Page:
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The most fundamental aspect of Islam is tawhid and – though there have been distortions in some divine religions as well as some Islamic sects, where matters have been taken to extremes – whatever draws man closer to tawhid and absolute obedience to the divine commands and proscriptions is deemed noble, and whatever leads to the denial of tawhid or tends to undermine it is ignoble.
One of the aspects of tawhid is tawhid in worship. In other words, once one has come to believe in his heart and confessed to the unity of God and prophecy of the Holy Prophet (PBUH) he must perform the principle rites of Islam. Worship which is none other than the performance of divine commands must be intended as a means of drawing near to God. The most significant aspect of worship is this display of obedience. Undoubtedly, in order to fathom the secrets of worship, in addition to the Quran, one has to search through hadiths. However, one must remain cognizant of the distortions which have occurred as a result of idiosyncratic or sectarian interpretations of these sources.
Religious practices (`ibadat) comprise a major part of what in Islamic culture is referred to as furu` al-din (the subsidiary aspects of religion), which are the practical aspects of religion as opposed to usul al-din which comprise the theoretical underpinnings of Islam. In mainstream Imami Shi`ism these furu` are said to include ritual prayer, fast, zakat, khums, hajj, jihad, enjoining the good, forbidding the evil, tawalla (befriending the pious), and tabarra (avoiding the impious). However, in Sunnism some of these subsidiary principles have received lesser emphasis.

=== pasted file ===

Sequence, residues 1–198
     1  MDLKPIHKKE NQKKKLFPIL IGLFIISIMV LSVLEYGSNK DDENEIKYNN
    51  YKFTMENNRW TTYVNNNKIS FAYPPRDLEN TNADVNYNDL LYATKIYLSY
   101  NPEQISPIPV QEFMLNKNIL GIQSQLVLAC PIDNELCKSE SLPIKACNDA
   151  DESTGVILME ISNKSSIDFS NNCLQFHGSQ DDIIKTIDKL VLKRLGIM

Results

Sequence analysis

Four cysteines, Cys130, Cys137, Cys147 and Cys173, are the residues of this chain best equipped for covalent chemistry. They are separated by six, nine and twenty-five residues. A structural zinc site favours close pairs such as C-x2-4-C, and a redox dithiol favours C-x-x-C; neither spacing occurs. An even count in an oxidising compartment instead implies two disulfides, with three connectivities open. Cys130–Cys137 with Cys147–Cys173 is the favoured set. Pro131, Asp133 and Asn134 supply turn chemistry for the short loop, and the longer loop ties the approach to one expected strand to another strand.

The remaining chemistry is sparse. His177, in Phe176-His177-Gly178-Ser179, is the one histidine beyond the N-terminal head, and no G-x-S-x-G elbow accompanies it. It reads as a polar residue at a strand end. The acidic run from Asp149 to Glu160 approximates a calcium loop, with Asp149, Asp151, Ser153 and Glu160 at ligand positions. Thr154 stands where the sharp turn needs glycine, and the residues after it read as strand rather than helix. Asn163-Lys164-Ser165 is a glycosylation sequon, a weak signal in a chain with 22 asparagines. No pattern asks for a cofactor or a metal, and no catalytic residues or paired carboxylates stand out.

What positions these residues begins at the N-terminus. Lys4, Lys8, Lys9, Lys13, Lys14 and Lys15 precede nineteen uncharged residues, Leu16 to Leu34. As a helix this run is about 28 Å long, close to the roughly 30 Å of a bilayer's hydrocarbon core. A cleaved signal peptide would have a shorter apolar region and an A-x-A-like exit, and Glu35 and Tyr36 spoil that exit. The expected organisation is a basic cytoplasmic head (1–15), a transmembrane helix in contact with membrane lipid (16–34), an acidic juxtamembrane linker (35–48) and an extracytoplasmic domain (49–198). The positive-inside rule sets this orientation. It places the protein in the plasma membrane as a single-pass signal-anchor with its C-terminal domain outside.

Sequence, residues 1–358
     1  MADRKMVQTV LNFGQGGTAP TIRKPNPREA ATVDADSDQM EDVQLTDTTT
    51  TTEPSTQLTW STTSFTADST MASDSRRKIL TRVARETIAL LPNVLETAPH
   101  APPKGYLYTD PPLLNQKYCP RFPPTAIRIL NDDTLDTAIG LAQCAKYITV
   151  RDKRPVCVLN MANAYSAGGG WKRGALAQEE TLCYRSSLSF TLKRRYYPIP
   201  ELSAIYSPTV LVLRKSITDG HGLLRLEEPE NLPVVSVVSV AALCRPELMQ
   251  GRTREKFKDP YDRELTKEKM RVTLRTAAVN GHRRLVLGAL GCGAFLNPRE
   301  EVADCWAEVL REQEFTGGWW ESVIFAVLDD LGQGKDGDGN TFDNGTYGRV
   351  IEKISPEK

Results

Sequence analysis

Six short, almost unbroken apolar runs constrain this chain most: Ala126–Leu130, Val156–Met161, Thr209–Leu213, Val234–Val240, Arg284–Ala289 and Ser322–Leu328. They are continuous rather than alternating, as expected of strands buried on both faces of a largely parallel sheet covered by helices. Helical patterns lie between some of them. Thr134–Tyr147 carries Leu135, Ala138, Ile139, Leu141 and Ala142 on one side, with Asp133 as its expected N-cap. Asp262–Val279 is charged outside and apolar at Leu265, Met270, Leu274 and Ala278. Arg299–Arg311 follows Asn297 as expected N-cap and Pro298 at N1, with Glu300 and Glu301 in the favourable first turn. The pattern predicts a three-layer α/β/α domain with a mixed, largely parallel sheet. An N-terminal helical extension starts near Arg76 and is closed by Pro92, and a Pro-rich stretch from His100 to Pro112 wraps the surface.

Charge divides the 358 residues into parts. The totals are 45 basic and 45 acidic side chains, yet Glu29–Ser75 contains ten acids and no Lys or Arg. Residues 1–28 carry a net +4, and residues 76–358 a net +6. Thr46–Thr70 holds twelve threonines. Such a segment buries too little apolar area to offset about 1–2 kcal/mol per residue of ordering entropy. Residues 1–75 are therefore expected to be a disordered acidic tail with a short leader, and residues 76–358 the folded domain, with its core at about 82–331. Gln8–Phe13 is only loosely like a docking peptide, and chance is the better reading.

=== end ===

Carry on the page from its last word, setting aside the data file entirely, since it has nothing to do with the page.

A close look at religious rites and practices in Islam will show that very few are purely individualistic, while many partake of a social quality. Those such as ritual prayer (salat), fast and hajj may be viewed as individual acts of worship, whereas zakat, khums and jihad contain social and economic components. One may draw distinctions among the first group as well. While ritual prayer is a daily activity, fast is devoted to a particular month of the year, and hajj is a once in a lifetime obligation. In sum, the performance of these rites and practices is an integral part of being a Muslim and underpins the continuity of the Islamic ummah (community).
* source: Gorji , Abolghasem "Islam Entry" The Great Islamic Encyclopedia. Ed. Kazem Musavi Bojnourdi.Tehran: The Center of Great Islamic Encyclopaedia , 1989-, V.8 ,pp.407
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